Wild Tigers I Have Known Review
The subject of a lonely, confused, socially outcast adolescent coming to terms with their sexual identity is a common one in independent cinema, the outsider status compounded when the teen in question is becoming aware of same-sex attraction. The age of the young protagonist, with all his or her associated awkwardness and inarticulacy, can make this a difficult subject to hold a viewer’s interest and sympathy while at the same time doing justice to the complexity of emotions and fantasies that come with an experimentation of the sensations brought about by new and inexplicable feelings.
A popular subject moreover with first-time filmmakers, there is always the danger that the film will slip into self-indulgence, and the opening scene in Wild Tigers I Have Known of a young adolescent furiously masturbating to an abstract slow-motion image of wrestlers grappling with each other, does seem to portend such an eventuality. Executive produced by Gus Van Sant and showing influences in experimental gay cinema that certainly seem to include Kenneth Anger and Derek Jarman, such a judgement might well remain the case as far as many viewers are concerned, but director Cam Archer manages to use unconventional techniques and imagery to represent the unique view of a confused 13 year-old boy.
Living alone with his mother (Fairuza Balk) and with no guidance from a paternal role-model, Logan (Malcolm Stumpf) is finding adolescence difficult. A solitary boy, he doesn’t feel like he fits in and he is picked on and bullied by older boys at school. Even the one friend he has, Joey (Max Paradise), is starting to find Logan’s experimenting with make-up and wigs a bit, well... unusual. Logan has a tendency to dream, and several images become connected in his vivid imagination and mastubatory fantasies, and the scare of a mountain lion loose on the school campus becomes intertwined with the feelings he has for an impossibly cool older boy he has seen called Rodeo (Patrick White). To Logan’s surprise, Rodeo finds him interesting and agrees to show him a place in the woods where the lions can be found. With the school on high alert after an earlier incident with the lions, Logan knows that the message of “one false move and you become the prey” applies equally to how he must approach Rodeo with his feelings. Adopting a female persona called Leah, Logan initiates a telephone relationship with Rodeo in an attempt to understand what the older boy really wants, as well as work out what his own feelings are.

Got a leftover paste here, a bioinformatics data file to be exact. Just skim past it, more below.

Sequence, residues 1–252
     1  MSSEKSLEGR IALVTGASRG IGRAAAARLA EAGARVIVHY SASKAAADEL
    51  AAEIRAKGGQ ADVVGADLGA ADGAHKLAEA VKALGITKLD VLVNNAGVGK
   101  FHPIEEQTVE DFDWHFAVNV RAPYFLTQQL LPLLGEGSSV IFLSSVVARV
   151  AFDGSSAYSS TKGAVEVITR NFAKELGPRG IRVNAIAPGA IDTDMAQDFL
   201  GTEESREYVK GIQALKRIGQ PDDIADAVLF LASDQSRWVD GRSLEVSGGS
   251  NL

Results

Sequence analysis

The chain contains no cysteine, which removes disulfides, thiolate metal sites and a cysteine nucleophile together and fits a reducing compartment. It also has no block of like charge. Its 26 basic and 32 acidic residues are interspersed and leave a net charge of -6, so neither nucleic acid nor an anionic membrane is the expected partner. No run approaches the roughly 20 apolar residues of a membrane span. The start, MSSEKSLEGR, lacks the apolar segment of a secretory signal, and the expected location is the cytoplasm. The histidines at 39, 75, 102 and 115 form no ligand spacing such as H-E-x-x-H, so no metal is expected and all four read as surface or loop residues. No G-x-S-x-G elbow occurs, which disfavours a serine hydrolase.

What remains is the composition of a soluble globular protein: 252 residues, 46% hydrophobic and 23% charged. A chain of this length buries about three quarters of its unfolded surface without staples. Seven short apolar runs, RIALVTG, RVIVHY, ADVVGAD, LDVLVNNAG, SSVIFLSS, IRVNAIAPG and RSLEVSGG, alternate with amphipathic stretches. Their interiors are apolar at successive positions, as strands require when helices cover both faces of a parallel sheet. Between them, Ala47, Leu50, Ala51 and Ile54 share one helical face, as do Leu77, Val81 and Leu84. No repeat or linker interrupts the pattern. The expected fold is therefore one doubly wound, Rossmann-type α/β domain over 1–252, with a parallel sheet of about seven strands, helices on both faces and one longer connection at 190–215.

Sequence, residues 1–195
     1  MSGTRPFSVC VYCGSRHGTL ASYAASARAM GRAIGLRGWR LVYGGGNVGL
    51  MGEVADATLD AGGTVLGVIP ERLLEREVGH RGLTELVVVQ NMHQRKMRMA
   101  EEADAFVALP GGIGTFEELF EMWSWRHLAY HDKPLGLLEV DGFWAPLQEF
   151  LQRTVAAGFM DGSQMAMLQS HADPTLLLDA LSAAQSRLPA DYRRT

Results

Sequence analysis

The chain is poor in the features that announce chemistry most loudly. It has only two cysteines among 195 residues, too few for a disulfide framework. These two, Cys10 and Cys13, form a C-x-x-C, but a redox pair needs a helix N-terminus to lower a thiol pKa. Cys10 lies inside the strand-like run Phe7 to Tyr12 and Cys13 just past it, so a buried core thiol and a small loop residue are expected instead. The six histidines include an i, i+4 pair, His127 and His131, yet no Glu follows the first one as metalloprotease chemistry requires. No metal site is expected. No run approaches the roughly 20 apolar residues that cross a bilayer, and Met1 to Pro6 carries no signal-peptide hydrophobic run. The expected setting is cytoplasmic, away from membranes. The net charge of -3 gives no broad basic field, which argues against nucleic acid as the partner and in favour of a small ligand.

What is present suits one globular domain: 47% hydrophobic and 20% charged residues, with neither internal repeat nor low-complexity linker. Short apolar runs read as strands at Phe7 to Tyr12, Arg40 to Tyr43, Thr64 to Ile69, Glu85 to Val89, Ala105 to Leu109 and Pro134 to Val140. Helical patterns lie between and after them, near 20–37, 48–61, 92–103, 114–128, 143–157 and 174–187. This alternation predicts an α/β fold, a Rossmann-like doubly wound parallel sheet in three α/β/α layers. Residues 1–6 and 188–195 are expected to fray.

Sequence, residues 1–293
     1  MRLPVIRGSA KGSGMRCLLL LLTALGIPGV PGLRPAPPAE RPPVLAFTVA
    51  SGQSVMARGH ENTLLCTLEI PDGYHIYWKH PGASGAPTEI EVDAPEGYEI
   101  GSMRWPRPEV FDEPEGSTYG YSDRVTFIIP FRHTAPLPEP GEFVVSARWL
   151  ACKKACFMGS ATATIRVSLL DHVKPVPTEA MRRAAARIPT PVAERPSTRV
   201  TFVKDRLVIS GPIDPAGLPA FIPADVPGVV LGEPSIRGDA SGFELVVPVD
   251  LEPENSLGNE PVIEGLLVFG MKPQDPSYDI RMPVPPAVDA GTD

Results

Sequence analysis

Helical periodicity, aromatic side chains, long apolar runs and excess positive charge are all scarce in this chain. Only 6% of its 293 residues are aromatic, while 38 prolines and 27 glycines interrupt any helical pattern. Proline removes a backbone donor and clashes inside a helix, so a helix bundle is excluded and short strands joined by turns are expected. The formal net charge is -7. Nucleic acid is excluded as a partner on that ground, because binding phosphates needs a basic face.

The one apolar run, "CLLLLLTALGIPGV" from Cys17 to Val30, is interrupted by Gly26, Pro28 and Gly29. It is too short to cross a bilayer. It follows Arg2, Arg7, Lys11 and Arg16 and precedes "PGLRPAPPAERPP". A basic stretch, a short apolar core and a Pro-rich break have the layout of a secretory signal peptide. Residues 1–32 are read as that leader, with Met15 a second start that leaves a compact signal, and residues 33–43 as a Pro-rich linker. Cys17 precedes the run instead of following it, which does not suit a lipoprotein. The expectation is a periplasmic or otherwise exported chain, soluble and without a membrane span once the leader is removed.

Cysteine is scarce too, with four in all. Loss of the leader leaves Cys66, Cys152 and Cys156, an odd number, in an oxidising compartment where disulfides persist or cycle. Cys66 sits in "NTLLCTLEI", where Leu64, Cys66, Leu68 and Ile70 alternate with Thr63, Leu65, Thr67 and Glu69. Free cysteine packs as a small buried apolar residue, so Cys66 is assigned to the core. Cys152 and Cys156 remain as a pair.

The fusion of imagery is characteristic of how Cam Archer manages to convey the complexity of unutterable emotions of hurt, pain, longing, fragility, vulnerability and confusion of a thirteen year-old, as well as the growing awareness of the beauty and wonder of a world that is being opened up to him – the two are frustratingly, but deliciously intertwined. The film makes tremendous use of colourful, beautifully shot sequences, blending contrasting images together in this way as a means to effectively capture these sensations, never relying on conventional exposition through dialogue, narration or diary entries. All of those are used, but sparingly, more often allowing the images to create their own impressions on the viewer. Such a method can be overused and will certainly recall Jonathan Caouette’s indulgences (although nonetheless effective for it) in Tarnation, but Archer uses them unpretentiously, in a manner that is evocative and easy for anyone to relate to.